But, really, none of that would have mattered if GSOC weren’t pushed to the brink of paranoia.

What were GSOC’s other options?

Callinan was adamant that his force were not involved in any bugging of GSOC. And, if GSOC, were not inclined to believe this back in October, it would be hard for them to justify going to the Commissioner before disclosing the probe.

Had there been a more convivial relationship between the two entities, could the whole issue of ‘red flags’ and ‘threats’ have been put to bed by the time Santa came knocking?

Cooke believes so. He says that the interpretations placed on the concerns generated by the security sweep were “heavily influenced by the atmosphere of frustration and tension…thus leading to the raising of suspicions which might not otherwise have been acted upon”.

And, furthermore, the officers responsible for commencing the investigation were also the principal members of the Commission personnel who had been involved in events in 2012 and 2013 which contributed to the sour relations and distrust.

The three officers explained the “serious deterioration” in relations to Cooke, noting that they encountered delay, obstruction and refusals on the part of gardaí to provide access to documents for important cases.

“We’ll tell you what you can get and when you can get it,” was the garda remark quoted back to highlight the attitude towards the Ombudsman’s investigative and watchdog role.

Suspicions were so great at this time that two officers believed their mobile phones were the target of “ambient listening” surveillance because their batteries were depleting within two hours of charging.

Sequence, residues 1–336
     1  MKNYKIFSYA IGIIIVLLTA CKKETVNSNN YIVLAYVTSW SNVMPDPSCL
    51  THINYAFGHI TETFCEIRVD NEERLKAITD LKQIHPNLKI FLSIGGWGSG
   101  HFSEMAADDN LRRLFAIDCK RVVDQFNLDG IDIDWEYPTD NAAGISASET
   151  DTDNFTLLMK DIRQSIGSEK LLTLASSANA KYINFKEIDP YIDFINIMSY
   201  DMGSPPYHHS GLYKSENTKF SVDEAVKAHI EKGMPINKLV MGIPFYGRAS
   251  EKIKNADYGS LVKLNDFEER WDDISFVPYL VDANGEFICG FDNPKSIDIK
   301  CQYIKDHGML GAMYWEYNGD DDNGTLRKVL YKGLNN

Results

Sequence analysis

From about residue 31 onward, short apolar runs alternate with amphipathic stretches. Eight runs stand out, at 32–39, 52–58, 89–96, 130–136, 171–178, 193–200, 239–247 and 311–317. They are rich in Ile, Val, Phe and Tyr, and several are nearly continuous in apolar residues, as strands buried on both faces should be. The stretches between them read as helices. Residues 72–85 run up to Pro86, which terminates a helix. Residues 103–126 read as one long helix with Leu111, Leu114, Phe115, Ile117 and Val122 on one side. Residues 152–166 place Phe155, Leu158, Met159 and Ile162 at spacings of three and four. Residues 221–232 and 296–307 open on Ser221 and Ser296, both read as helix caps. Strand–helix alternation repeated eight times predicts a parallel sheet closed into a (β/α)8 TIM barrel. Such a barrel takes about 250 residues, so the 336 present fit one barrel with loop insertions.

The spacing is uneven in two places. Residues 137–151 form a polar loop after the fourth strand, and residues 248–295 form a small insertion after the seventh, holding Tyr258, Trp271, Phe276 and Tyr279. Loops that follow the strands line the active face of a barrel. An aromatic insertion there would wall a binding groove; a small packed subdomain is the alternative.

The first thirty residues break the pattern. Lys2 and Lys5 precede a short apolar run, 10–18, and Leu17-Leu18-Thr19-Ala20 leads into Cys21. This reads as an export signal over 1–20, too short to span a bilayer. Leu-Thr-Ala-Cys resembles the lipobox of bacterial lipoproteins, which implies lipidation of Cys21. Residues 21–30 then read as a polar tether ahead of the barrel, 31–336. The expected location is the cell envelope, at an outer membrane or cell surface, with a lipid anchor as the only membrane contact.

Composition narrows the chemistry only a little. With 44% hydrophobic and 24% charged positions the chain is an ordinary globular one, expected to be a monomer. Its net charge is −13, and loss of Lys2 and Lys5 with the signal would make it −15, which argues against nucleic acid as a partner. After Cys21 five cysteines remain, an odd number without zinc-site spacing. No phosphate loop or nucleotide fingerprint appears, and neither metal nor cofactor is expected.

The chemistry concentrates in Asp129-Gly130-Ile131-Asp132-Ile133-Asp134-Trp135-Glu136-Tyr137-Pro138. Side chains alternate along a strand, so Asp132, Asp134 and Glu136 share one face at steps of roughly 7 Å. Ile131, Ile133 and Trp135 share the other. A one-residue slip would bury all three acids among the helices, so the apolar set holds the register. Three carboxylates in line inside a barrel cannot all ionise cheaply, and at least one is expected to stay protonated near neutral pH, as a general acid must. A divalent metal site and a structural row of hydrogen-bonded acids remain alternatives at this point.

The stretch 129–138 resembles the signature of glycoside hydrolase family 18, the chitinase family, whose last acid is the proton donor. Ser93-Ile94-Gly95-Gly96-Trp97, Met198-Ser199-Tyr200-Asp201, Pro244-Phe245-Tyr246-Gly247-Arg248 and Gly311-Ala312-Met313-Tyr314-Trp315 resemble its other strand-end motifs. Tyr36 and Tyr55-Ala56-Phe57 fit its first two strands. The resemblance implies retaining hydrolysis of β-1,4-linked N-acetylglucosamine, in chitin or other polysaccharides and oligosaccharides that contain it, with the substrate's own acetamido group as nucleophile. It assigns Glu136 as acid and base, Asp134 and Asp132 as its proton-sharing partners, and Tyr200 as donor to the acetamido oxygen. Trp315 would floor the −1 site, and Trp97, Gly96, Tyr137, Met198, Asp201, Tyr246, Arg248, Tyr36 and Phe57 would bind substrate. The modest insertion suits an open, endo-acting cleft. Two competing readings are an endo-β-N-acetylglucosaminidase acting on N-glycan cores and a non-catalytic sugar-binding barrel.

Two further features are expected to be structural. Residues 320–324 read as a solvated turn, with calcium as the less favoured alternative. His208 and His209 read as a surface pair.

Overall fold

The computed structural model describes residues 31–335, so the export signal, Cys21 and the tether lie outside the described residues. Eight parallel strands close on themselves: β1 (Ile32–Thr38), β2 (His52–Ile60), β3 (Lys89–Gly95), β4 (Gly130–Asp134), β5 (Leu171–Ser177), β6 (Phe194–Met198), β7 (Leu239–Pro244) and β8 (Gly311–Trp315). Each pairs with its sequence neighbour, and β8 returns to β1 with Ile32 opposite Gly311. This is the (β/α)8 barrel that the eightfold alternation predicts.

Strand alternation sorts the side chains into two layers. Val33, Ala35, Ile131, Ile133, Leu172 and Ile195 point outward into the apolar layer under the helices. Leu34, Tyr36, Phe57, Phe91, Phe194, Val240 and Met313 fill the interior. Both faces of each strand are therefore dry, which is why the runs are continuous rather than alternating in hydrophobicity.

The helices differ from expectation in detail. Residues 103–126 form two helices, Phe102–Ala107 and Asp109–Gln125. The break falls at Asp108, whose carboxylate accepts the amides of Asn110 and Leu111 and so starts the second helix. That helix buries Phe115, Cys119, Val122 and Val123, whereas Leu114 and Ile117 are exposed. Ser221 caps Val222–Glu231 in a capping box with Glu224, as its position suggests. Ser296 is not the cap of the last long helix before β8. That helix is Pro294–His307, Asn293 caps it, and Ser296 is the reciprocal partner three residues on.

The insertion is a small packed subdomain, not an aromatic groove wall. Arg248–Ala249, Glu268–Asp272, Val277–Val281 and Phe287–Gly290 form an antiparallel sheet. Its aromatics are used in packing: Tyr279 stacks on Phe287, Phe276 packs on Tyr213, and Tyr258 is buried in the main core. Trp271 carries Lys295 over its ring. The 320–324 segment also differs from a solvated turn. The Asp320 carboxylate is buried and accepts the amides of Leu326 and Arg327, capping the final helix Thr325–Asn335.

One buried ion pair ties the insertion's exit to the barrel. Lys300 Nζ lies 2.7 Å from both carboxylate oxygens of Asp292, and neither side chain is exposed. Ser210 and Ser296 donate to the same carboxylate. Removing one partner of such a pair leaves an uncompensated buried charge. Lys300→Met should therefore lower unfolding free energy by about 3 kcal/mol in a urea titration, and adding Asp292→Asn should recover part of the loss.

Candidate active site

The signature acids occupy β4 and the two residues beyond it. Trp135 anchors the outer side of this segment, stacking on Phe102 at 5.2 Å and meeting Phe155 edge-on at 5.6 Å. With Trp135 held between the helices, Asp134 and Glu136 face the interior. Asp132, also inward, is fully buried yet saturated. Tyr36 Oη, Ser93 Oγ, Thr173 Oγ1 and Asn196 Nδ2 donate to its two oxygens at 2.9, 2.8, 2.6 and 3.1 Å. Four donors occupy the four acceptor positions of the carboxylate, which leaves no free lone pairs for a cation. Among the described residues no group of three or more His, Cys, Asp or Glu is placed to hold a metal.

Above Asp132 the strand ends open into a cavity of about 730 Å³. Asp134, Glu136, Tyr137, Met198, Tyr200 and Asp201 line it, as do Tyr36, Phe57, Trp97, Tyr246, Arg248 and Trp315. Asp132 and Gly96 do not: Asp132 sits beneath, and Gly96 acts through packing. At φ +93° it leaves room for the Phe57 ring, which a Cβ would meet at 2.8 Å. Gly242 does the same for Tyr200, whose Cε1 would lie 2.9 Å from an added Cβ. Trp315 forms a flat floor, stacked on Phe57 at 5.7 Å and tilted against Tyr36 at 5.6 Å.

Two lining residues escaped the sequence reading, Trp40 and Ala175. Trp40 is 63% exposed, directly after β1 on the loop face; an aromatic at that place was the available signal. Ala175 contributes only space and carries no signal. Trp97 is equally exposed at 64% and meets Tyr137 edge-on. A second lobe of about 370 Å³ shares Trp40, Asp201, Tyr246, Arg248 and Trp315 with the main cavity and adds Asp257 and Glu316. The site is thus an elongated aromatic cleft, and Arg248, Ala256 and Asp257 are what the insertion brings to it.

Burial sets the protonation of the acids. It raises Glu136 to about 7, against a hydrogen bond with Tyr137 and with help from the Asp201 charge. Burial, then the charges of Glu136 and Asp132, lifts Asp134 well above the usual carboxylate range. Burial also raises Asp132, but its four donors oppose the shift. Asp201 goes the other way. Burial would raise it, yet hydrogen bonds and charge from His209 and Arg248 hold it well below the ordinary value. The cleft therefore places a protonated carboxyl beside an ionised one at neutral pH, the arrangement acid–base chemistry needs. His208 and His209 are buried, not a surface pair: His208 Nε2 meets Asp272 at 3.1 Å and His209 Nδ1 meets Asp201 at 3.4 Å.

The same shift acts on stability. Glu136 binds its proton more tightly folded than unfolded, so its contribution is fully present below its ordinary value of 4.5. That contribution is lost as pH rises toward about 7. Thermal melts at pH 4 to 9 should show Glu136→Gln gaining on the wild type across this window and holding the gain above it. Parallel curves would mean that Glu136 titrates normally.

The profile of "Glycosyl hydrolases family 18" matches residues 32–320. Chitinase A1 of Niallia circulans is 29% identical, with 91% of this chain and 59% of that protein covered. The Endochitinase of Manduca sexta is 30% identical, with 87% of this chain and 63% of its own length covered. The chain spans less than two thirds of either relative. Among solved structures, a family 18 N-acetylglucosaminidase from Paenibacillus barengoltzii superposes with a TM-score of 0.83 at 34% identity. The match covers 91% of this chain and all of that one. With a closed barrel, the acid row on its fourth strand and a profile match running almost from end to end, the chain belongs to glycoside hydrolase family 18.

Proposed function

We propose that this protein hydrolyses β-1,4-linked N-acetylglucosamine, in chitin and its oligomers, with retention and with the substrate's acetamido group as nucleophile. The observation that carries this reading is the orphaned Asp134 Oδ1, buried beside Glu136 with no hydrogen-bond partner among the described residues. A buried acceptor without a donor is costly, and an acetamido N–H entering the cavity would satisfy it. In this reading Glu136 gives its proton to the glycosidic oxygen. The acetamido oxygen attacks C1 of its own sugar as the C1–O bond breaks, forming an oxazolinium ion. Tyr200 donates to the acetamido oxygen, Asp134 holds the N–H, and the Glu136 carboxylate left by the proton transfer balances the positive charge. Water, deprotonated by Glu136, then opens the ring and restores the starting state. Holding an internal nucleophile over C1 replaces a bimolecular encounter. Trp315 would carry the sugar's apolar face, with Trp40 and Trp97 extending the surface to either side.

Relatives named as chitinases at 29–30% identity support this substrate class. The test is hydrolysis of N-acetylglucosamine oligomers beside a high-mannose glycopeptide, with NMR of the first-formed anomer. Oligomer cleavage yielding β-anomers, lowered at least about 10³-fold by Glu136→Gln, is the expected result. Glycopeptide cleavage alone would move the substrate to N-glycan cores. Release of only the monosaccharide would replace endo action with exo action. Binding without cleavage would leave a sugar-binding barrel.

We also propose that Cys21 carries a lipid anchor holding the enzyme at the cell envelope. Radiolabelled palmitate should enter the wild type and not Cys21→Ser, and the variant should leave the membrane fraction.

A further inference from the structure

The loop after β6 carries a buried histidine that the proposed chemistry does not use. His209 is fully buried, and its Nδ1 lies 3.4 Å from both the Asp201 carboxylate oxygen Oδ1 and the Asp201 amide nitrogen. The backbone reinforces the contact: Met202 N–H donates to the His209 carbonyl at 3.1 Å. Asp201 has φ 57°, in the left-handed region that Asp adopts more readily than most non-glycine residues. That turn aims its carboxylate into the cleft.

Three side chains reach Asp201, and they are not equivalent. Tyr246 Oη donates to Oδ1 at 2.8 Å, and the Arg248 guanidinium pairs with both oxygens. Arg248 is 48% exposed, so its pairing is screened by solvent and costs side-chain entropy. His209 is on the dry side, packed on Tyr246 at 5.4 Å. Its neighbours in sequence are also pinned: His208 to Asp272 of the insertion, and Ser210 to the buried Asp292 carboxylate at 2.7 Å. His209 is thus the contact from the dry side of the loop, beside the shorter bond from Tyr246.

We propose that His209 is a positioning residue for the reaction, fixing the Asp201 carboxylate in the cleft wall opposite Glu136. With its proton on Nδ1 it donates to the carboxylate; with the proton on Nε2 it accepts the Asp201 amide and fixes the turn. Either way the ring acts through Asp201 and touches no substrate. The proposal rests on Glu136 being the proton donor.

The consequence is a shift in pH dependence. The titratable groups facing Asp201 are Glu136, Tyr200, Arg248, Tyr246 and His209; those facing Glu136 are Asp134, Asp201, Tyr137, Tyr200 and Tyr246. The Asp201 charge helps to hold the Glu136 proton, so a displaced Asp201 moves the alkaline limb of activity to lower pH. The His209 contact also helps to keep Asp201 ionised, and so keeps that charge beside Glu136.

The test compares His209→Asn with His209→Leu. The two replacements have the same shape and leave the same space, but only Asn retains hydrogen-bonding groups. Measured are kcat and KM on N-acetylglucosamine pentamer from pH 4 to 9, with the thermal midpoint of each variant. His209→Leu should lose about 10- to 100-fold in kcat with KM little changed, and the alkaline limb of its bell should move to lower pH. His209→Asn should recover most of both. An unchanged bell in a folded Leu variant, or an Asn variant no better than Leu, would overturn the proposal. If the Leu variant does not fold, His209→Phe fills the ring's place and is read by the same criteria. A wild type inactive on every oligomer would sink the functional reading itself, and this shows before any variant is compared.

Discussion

It was in this circus of mistrust and distrust that they withheld the information about the probe from both the Minister for Justice and the Commissioner, despite an obligation to report it.

The details were eventually furnished to Alan Shatter on 13 February – notably after the Sunday Times article. Martin Callinan never got that report in writing. According to evidence, the Commission always worked off the premise that the requirement could be met verbally – and this is how they gave the Commissioner the information.

A futile inquiry?

There could be much more that both GSOC and the Garda Síochána could take from this report – not about the dangers of 21st century bugging and surveillance techniques – but on how it is absolutely necessary that they begin building bridges and mending fences.

But, those potential learnings have all been overshadowed by other events.

Cooke had been invited to make “more general recommendations” as part of the inquiry’s terms of reference, but he notes that this proposal “may perhaps have been superseded” since the inquiry’s establishment.

The government has already announced that legislation will be introduced to establish a new police authority. This will, inevitably, revise the roles and relationship of GSOC, the Garda Commissioner and the Minister. 

Not only that, but the two men with the most to learn about handling these sensitive relations – Callinan and Shatter – have fled the scene, retired and resigned to the family home and the backbenches. 

This is what Cooke found out about those three anomalies at GSOC

Cooke Report: There is no evidence that GSOC was bugged by gardaí

Fitzgerald has confidence in GSOC, says Cooke report is ‘food for thought’ for Shatter’s critics